Bruyneel walking away from the sport: “I’ve made a decision that I’m pretty much done with cycling”
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Saturday, November 23, 2013

Bruyneel walking away from the sport: “I’ve made a decision that I’m pretty much done with cycling”

by Shane Stokes at 9:50 AM EST   comments
Categories: Pro Cycling, Doping
 
Belgian says he doesn’t see himself “as the devil,” claims he has been unfairly treated

Johan BruyneelHe’s got a long-overdue arbitration hearing in London next month but, perhaps fearful of the questions he might face plus the likelihood of a lifetime ban, Johan Bruyneel has indicated he’s walking away from the sport of cycling.

“I’m thinking more and more…I’ve been starting to make this decision in the last few weeks. With the charges against me, I’ve made a decision that I’m pretty much done with cycling, because I don’t see a change,” said the former Belgian professional, who managed Lance Armstrong during all seven of his now-stripped Tour de France wins.

Bruyneel was speaking to RTL in a video interview conducted in London, where he now lives.

In June of last year USADA made formal doping charges against Armstrong, Bruyneel and others, laying out charges in a range of areas.

Bruyneel was facing five claims against him, namely:

(1) Possession of prohibited substances and/or methods including EPO, blood transfusions and related equipment (such as needles, blood bags, storage containers and other transfiision equipment and blood parameters measuring devices), testosterone, hGH, corticosteroids, and masking agents, as described
in more detail above.

(2) Trafficking of EPO, blood transfusions, testosterone, hGH, corticosteroids and masking agents as described in more detail above.

(3) Administration and/or attempted administration of EPO, blood transfusions, testosterone, hGH, corticosteroids, and masking agents as described in more detail above.

(4) Assisting, encouraging, aiding, abetting, covering up and other complicit); involving one or more anti-doping rule violations and/or attempted anti—doping rule violations.

(5) Aggravating circumstances justifying a period of ineligibility greater than the standard sanction.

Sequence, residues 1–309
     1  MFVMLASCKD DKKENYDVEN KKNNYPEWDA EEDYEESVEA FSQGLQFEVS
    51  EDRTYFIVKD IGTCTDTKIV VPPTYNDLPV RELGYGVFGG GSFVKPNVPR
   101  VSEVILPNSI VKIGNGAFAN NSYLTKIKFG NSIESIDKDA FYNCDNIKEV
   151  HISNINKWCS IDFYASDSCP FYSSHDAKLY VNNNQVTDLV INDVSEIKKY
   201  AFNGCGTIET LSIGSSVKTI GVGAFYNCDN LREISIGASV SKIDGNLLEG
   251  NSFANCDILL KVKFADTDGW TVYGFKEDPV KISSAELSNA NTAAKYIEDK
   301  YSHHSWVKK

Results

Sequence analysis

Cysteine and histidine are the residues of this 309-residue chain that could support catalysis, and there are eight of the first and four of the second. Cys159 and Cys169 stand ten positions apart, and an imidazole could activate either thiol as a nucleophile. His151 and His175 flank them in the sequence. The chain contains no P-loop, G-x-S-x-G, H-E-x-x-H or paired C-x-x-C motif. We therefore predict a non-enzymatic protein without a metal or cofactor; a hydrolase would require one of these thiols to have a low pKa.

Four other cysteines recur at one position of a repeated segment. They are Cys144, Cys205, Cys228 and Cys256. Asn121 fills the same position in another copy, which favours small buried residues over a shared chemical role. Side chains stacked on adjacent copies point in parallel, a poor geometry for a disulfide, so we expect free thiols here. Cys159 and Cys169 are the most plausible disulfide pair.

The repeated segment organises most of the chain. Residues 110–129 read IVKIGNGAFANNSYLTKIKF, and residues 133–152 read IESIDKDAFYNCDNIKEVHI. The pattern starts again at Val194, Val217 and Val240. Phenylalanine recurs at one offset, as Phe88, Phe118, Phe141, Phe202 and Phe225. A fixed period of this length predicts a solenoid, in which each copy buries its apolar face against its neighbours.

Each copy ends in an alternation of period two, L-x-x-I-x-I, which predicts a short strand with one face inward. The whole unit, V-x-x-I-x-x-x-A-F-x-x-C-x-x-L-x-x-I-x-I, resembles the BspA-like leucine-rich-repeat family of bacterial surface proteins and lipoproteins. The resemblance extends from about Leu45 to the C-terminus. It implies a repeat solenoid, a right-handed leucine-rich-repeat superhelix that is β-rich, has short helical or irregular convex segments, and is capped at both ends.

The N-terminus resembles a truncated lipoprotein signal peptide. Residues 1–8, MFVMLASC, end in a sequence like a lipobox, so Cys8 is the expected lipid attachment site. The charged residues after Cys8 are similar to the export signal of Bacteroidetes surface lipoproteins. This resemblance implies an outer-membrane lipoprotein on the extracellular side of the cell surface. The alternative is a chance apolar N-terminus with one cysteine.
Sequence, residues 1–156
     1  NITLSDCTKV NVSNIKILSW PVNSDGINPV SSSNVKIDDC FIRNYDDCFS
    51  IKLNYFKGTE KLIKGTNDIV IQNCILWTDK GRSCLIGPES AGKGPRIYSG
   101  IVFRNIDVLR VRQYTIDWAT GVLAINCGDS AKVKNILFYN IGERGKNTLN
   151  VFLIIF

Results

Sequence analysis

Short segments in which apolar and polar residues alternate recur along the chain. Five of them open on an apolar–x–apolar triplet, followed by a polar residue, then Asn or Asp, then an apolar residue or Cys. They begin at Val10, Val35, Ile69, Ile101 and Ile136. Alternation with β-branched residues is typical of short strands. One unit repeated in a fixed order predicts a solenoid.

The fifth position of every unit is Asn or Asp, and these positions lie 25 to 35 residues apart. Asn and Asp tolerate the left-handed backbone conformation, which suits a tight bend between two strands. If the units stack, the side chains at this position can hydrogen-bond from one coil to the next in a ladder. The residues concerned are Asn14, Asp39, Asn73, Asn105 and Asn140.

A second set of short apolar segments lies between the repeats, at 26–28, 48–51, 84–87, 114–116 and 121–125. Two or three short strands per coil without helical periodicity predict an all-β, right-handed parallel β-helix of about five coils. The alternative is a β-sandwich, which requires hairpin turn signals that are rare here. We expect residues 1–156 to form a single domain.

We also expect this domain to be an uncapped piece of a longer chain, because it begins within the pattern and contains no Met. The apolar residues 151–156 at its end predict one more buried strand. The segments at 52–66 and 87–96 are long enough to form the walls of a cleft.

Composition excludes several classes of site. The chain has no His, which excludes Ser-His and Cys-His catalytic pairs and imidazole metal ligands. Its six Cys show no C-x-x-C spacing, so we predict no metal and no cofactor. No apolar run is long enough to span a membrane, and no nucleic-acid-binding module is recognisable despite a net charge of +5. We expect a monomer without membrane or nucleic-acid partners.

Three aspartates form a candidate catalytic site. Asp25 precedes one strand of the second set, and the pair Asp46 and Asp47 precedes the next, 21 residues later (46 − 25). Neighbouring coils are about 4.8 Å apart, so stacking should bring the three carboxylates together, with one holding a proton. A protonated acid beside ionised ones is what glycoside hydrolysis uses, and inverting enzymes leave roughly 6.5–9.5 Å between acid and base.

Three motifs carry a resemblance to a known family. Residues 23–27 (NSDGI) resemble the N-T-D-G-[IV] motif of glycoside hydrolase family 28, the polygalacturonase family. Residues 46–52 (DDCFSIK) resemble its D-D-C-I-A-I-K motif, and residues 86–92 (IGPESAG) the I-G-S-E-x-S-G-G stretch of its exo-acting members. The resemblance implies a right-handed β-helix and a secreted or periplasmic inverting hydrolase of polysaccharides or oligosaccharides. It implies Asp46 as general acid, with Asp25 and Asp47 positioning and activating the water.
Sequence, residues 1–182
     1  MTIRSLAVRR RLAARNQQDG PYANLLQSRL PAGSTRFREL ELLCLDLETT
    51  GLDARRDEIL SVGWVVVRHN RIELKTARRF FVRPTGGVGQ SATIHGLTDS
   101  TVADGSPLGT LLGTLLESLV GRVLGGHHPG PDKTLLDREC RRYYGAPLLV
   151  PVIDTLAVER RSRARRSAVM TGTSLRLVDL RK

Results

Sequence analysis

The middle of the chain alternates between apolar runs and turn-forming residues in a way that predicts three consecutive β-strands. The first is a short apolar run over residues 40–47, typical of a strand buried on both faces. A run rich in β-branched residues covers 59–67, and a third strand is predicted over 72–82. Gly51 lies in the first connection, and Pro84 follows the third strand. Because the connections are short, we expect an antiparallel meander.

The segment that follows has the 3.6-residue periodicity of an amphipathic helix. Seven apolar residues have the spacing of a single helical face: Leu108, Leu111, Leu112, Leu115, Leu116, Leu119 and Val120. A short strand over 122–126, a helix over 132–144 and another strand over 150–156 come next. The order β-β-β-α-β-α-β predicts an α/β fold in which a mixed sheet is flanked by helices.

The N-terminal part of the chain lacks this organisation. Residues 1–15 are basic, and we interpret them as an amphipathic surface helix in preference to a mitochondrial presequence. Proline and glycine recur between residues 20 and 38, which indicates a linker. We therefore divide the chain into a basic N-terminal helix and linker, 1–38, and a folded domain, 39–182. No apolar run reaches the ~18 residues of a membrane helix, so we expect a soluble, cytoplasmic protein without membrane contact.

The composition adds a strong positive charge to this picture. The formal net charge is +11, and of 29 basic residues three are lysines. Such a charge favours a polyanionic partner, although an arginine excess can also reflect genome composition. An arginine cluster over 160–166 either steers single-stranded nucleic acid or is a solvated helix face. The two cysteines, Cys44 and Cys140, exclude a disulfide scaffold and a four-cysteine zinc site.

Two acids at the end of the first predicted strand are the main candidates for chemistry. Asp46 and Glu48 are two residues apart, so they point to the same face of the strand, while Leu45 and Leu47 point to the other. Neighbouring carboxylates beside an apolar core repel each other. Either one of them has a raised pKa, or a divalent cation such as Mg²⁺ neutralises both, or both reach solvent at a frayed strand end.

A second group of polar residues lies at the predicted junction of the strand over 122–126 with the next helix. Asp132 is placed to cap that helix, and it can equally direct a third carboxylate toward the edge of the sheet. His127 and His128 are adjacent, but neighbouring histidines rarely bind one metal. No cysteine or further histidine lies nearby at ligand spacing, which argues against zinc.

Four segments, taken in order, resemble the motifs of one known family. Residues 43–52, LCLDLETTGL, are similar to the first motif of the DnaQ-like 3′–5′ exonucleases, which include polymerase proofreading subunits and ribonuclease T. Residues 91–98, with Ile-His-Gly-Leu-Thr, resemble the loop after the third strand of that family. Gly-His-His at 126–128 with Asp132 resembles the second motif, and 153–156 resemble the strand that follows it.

In USADA’s subsequent reasoned decision, the agency stated that it had no doubt that he had broken numerous regulations.

“The overwhelming evidence in this case is that Johan Bruyneel was intimately involved in all significant details of the U.S. Postal team’s doping program. He alerted the team to the likely presence of testers. He communicated with Dr. Ferrari about his stars’ doping programs. He was on top of the details for organizing blood transfusion programs before the major Tours, and he knew when athletes needed to take EPO to regenerate their blood supply after extracting blood. He was present when blood transfusions were given. He even personally provided drugs to the riders on occasion.”

Bruyneel had denied the claims but in October he lost his position as general manager of the RadioShack Nissan team. Then when Armstrong finally admitted a long term doping programme when interviewed by Oprah Winfrey in January of this year, the game was up.

In June of this year the Belgian made a tacit acknowledgement that he was involved in the doping activities which took place on the US Postal Service and Discovery Channel teams, telling the magazine Humo that he “had never put a person’s health at risk.”

There was an unexpected and unexplained delay in initiating proceedings against Bruyneel but according to a report on Roadcycling.com last month, he will face an arbitration hearing in London between December 16th and 20th.

However his interview with RTL suggest that he may decide not to fight arbitration, and to instead walk away. If so, he faces a lengthy ban from USADA. In that light, declaring now that he is done with cycling is little more than pre-empting the likely sanction facing him.

“I don’t see myself as the devil. People are trying to picture myself and Lance as the bad guys,” he said. “They want to blame it all on [us], I think that is happening.”

Rather than defend himself, he now wants to wash his hands of the matter. He didn’t indicate what he will do next, but as regards cycling, he’s walking away. “Move on – that’s what I’m trying to do,” he said.

Given the serious charges against him, the huge blow to his credibility and the anger of many fans, the decision is not unexpected. However there may be an additional reason; he, Armstrong and others are defendants in a multi-million dollar Qui Tam suit initiated by Floyd Landis and joined by the US government.

On Monday the federal judge overseeing the case, Judge Robert L. Wilkins, stated in a Washington court that it would likely go ahead.

Should Bruyneel contest his arbitration case, he will have to give sworn evidence which in turn could be used against him and others in the Qui Tam case.

After years of brazenly denying doping his riders while repeatedly breaking the rules, it appears that his time in cycling has finally run out.

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